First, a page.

Perceived Exertion

August 2, 2016

 

Now 19 weeks into training it is a perfect time to discuss your Level of Effort (LOE) during racing and training.  Actually its a perfect time at any time of the season but at this point you've gained enough experience to determine on your own what your LOE is at any given time.  Yes, absolutely, the electronics you have can measure everything from speed to power delivery and now with power delivery measurement during the run (more about that next week) you have to be able to determine if in fact you are 1) training in the proper zone (heart rate or otherwise) and 2) whether your zones are changing during training or other factors (age, race type, etc.)  The best way for an athlete to do this is to become familiar with Ratings of Perceived Exertion (RPE).

There are a couple of ways at looking at RPE: they're the poor man's power meter or heart rate monitor, an old fashioned (1970s) way to gauge level of effort, and a lost art.  When you're three miles into an easy run and your Polar or Garmin is telling you you're working in Zone 4 (meaning your heart is about explode) you can interpret it as, "Wow, I'm cranking and it feels so slow and easy.", or " Great, I need to buy the new Garmin cause this thing is broken."  It can also mean you are a) sick and on the verge of injury and/or 2) so deep into overtraining that you should also run with an AED so someone can jump start your heart when you pass out.  One of the casualties of the electronics monitoring age (we're about to move into the bio-monitor age where sensors directly implanted on you or in you will be the new "Garmin") is Rating of Perceived Exertion (RPE) or the ability of the athlete to self determine how hard they're actually working.  Elite level coaches and athletes use both RPE and their monitoring devices to help assess their day to day performance.

In the 1990s when heart rate monitors (HRM) became the rage and affordable and enthusiasts determined that 220 minus your age gave you your max heart rate and blah, blah, blah, quite a few professional coaches up and decided we've only got a few ideas as to how these things work and what it actually means with the only consensus being that if your HRM says zero you should see your PCP.  (At this time measuring body temperature was also becoming a thing but didn't quite become THE thing most likely because measuring it wasn't as sexy.)  Also in the 1990s battery life and accuracy was eh and the heart rate monitor chest straps were as comfortable as wearing...a heart rate monitor chest strap.  Again we resorted to using RPE to provide context for what the new technology was saying.

So what is Ratings of Perceived Exertion?  If you've ever picked up a book on running, cycling, or triathlon you most likely see the first chapter (right before the chapter that says send your next car payment to Garmin) is about RPE - this is because of all the reasons above but also so that you can have context for what your wrist computer is telling you.  The RPE is a scale:

Rating (6 - 20):
6 - ha, ha, ha - this is just above eating breakfast with Dreamfar
7 - you order the spicy breakfast and then put hot sauce on top of that.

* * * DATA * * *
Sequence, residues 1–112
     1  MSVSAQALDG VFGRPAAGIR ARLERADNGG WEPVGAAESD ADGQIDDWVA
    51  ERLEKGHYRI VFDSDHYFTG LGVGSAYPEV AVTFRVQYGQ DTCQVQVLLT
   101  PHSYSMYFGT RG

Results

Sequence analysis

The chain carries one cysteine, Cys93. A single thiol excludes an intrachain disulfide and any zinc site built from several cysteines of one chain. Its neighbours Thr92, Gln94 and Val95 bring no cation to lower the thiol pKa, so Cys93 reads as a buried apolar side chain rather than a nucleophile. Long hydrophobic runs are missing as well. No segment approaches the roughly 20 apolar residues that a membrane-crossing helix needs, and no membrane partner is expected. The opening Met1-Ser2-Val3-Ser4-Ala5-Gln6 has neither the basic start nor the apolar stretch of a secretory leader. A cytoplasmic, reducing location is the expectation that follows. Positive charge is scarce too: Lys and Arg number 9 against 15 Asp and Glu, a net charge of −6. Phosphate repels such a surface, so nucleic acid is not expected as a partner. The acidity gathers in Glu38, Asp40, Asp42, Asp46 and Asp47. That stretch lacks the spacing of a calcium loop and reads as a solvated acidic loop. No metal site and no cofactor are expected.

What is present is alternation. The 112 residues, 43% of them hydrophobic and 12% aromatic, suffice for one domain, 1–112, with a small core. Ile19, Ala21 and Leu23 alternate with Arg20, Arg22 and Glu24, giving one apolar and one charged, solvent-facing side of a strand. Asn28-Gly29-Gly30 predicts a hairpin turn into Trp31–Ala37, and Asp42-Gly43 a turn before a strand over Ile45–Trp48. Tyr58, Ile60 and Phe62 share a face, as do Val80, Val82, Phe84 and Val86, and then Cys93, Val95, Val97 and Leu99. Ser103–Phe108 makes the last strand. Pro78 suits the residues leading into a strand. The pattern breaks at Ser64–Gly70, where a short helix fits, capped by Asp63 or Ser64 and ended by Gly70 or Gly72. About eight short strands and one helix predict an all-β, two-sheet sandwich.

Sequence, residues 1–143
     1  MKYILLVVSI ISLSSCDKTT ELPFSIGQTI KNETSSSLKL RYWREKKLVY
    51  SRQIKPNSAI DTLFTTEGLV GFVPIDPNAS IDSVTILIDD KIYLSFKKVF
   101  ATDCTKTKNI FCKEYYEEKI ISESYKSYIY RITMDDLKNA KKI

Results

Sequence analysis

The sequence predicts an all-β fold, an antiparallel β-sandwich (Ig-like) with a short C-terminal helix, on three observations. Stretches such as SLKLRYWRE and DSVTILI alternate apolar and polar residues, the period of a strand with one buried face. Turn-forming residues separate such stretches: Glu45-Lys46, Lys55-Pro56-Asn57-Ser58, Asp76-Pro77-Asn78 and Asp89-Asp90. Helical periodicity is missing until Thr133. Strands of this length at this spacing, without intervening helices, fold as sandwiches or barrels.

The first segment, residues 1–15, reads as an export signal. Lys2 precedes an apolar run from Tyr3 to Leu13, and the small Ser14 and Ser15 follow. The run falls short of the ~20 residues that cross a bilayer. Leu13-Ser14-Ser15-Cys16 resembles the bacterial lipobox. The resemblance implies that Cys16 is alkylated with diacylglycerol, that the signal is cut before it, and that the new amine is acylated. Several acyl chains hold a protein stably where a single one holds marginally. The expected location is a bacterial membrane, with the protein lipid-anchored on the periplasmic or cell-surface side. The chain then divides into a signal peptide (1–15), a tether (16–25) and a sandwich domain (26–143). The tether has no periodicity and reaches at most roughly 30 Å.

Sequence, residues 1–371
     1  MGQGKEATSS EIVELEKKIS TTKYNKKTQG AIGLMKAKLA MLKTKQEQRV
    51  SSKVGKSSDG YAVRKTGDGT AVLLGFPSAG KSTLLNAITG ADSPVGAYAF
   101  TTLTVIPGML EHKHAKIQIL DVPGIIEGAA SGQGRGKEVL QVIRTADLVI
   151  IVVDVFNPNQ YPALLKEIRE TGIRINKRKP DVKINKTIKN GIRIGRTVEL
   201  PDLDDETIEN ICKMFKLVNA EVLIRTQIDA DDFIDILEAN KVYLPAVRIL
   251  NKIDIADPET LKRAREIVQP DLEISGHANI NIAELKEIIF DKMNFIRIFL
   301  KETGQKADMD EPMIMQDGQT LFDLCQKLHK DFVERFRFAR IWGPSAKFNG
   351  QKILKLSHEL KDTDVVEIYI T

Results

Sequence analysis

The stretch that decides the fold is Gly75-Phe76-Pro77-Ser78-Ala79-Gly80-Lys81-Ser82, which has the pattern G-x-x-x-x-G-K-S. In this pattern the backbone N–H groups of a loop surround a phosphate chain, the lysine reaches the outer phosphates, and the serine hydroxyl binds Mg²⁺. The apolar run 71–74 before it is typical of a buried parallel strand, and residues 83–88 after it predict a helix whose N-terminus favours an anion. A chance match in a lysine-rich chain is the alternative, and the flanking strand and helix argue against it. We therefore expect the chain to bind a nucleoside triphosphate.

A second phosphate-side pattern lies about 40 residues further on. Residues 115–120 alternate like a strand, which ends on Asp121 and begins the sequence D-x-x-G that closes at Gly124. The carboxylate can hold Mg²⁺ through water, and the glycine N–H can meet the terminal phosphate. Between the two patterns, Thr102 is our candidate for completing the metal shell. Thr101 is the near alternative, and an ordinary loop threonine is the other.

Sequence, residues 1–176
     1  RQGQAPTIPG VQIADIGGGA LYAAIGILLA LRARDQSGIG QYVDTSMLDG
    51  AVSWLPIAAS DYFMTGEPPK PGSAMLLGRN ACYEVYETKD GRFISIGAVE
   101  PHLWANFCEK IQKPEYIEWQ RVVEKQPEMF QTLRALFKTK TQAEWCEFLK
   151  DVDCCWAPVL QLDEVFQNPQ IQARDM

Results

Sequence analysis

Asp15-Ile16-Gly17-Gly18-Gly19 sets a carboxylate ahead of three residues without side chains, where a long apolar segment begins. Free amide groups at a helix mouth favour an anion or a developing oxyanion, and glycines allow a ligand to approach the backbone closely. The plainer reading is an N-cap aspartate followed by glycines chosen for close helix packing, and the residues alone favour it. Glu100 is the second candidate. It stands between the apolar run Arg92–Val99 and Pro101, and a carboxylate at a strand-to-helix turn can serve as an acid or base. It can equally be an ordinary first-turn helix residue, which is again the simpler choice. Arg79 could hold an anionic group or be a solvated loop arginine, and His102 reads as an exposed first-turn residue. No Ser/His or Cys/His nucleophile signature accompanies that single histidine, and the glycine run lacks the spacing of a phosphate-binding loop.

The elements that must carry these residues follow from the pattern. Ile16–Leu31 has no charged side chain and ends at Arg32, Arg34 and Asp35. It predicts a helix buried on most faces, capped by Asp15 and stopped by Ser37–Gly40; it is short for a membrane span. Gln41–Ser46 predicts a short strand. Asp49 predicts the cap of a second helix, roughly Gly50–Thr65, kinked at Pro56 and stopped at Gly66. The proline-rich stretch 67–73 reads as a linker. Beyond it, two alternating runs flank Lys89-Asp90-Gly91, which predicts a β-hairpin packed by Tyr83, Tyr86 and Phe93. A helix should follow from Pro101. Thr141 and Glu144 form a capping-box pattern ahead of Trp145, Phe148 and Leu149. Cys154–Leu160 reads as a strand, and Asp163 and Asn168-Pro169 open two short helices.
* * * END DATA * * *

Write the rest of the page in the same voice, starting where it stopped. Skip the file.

8 - Very very light working out - think putting on a wetsuit.
9 - Very light - your warm up swim, the ride out of Walden to the first light.
10 - You're sweating and realize you're pedaling.
11 - Fairly light workout.
12 - "Who the hell put me in a workout?"
13 - Somewhat hard.
14 - You can keep this up but at some point you can either put the hammer down or call it a day.
15 - You put the hammer down - this is hard.  This is the point everyone looks at their electronics to verify they're just so freakin awesome or lost.
16 - "Lord, I paid someone to do this to me."
17 - Very Hard - you're breathing out of places you didn't know you could.
18 - Your'e considering crashing into a tree to stop the workout.
19 - Very very hard.  This can only be maintained for a few minutes if that.
20 - You're seconds from the pearly gates.  No one will believe you made it to 20.  In fact you're designed to pass out cause your brain ain't smart enough to stop.

Take note of your RPE at the start, the midway point, at the most challenging point of your workout, and at the end for the overall session.  Does it correlate with your other data and what happened that day?  Before you get yourself all giddy with knowing your Anaerobic Threshold (AT), Maximum Hart Rate (MHR), Anaerobic Threshold Heart Rate (ATHR), and your Heart Rate Training Zones (HRTZ) and all the other alphabet soup we'll discuss next week get to know your RPE from your previous experiences.  Yes recall can work.  For the most part what was the overall RPE for the Boston Triathlon?  Or how bout the swim, bike, and run?  Does it match up with your power meter and HRM?

 Remember RPE also works as a strategic tool.  If coach tells you to make sure you stay between 12 and 15 for the race did you?  Or did you try to reach 18 at some point?  That says more about discipline that having the Polar beep at you when you get out of your Zone 3 Heart Rate.  RPE can make you disciplined and give your other measurements deeper and greater meaning.

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